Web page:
Canada's top court said on Friday that failing to tell a sexual partner you have HIV is only sexual assault if there is "a realistic possibility" of transmitting the virus that causes AIDS.
In a unanimous decision, the Supreme Court of Canada rejected the government's argument that everyone who has HIV should be required to disclose that condition to all sexual partners in any circumstance.
Several groups involved in the case, including the Canadian HIV/AIDS Legal Network and the Canadian AIDS Society, took issue with the court's standard of a "realistic possibility," saying it is too severe, and calling the decision "a major step backwards for public health and human rights."
The HIV groups said in a release that the risk of spreading HIV is made negligible just by using condoms, and that the court's decision "blatantly ignores solid science."
"What you're talking about here is a vulnerable, marginalized group of people who are going to be forced to go around volunteering to anyone with whom they're going to have sexual contact, that they belong to that vulnerable, marginalized group," Michael Feder, a lawyer for the British Columbia Civil Liberties Association, told the CBC.
In 1998, the court found that not telling a partner about one's HIV status was a form of aggravated sexual assault if there was "significant risk of bodily harm." On Friday, the court clarified what might constitute a significant risk.
It said someone with a low viral load who uses a condom has not put their partner at significant risk. Viral load measures the severity of HIV infection, and some treatments reduce the level, making transmission less likely.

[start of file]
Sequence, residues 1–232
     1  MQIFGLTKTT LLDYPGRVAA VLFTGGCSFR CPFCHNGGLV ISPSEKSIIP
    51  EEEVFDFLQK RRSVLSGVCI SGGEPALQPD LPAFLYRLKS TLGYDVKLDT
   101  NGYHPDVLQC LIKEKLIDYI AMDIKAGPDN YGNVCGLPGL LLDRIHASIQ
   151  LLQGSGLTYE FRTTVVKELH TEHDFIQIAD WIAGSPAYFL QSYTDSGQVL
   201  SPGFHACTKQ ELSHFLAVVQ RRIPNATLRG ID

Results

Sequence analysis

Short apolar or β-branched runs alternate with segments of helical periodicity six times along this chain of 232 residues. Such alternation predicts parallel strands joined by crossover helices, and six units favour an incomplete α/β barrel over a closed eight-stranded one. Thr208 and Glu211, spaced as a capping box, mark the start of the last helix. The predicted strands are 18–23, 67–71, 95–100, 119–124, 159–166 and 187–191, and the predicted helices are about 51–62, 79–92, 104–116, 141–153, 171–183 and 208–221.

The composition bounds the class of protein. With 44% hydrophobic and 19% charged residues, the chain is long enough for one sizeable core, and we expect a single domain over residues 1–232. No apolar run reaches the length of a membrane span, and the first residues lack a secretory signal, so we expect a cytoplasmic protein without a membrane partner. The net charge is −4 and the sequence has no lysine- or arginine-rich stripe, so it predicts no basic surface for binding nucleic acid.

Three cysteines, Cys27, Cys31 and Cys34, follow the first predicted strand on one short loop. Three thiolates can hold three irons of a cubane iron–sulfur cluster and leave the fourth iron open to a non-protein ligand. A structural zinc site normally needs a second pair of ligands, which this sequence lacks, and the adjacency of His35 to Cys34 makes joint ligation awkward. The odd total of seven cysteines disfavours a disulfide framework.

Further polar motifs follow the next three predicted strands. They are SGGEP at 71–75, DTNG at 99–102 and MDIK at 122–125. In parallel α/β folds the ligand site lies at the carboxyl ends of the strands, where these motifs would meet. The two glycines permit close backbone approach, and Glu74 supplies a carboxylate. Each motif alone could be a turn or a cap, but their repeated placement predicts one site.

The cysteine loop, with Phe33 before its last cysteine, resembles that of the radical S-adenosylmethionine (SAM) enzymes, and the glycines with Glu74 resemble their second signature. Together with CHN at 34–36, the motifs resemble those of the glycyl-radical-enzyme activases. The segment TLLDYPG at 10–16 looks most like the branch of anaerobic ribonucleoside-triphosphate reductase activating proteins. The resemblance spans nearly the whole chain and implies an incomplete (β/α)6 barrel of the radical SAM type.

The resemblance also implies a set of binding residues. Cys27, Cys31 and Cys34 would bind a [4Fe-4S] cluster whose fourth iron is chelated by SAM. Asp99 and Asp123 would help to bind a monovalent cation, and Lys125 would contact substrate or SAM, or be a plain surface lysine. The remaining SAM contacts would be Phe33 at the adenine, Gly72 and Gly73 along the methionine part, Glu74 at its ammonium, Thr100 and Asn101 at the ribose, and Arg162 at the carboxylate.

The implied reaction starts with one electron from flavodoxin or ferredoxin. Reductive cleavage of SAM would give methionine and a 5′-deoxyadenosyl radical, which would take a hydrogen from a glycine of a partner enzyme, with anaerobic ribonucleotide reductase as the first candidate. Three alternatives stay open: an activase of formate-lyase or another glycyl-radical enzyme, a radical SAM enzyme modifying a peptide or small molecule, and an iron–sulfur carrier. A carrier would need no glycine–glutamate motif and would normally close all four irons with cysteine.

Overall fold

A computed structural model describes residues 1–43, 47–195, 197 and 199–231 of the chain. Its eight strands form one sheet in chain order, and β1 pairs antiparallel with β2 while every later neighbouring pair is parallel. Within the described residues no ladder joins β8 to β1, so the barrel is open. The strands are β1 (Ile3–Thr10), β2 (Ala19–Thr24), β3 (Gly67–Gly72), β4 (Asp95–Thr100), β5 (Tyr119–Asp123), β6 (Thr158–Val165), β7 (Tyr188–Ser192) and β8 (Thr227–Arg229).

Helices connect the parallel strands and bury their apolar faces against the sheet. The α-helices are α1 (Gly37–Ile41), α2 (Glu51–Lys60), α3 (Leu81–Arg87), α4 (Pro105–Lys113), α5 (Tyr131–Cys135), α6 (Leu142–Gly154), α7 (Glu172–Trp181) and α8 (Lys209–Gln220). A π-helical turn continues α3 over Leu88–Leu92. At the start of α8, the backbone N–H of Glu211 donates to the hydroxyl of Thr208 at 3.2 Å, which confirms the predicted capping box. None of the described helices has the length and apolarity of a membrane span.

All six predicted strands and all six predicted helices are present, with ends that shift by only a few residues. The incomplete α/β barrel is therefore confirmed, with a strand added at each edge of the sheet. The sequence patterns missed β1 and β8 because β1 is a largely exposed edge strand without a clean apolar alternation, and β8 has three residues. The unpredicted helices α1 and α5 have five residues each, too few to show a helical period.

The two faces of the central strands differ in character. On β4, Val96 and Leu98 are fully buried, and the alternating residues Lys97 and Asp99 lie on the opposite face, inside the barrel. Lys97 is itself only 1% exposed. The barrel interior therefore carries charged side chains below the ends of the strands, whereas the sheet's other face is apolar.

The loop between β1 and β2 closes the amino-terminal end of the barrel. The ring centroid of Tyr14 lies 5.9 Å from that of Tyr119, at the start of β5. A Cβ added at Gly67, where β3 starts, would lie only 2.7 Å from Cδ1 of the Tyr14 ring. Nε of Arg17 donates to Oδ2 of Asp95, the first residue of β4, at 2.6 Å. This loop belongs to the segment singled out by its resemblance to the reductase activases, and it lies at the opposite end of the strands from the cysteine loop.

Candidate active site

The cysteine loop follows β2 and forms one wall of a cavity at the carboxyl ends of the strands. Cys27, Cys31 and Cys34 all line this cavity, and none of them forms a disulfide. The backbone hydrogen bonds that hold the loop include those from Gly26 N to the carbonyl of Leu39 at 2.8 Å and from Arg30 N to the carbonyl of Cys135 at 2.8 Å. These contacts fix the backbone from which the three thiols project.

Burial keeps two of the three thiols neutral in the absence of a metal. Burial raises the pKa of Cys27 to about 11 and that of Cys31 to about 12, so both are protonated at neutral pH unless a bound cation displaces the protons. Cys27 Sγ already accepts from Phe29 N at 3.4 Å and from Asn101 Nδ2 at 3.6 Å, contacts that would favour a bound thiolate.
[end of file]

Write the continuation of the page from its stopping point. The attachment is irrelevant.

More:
"As noted by the court of appeal, the transmissibility of HIV is proportional to the viral load, i.e. the quantity of HIV copies in the blood," the decision said, according to City News. "The viral load of an untreated HIV patient ranges from 10,000 copies to a few million copies per millilitre.
"When a patient undergoes anti-retroviral treatment, the viral load shrinks rapidly to less than 1,500 copies per millilitre (low viral load), and can even be brought down to less than 50 copies per millilitre (undetectable viral load) over a longer period of time. This appears to be scientifically accepted at this point, on the evidence in this case," the decision said.
The court noted that standards might change in future cases since its decision does not preclude the law from "adapting to future advances in treatment" or risk factors it had not directly considered.
It said that risk of transmission, rather than actual transmission, is not a crime in many other countries, and that this "sounds a note of caution against extending the criminal law beyond its appropriate reach in this complex and emerging area of law."
Forcing everyone to disclose their HIV status would risk sending people who have not put anyone at risk to prison, the court said.
Two cases were considered by the court, the first one involving a man who had sex with nine women, including a 12-year-old girl, after being diagnosed with HIV in 2004, CBC reported. Clato Mabior didn't tell the women he was HIV positive.
None of the women contracted the disease, City News said. The Supreme Court set aside one of Mabior's convictions because in that respective situation he used a condom and had a low viral load. In Mabior's case, this decision has little consequence, since he was deported to South Sudan in February, City News said.
In the second case, a Quebec woman who had unprotected sex with her partner in 2000 did not tell him she was HIV-positive.
According to City News, the woman had been taking anti-retroviral drugs after she was diagnosed with HIV nine years earlier.
"Here low — indeed undetectable — viral load was established," the Supreme Court concluded, according to City News.
The court affirmed an earlier appeal court decision to strike down the woman's conviction for aggravated assault and sexual assault.
Reuters contributed to this report.
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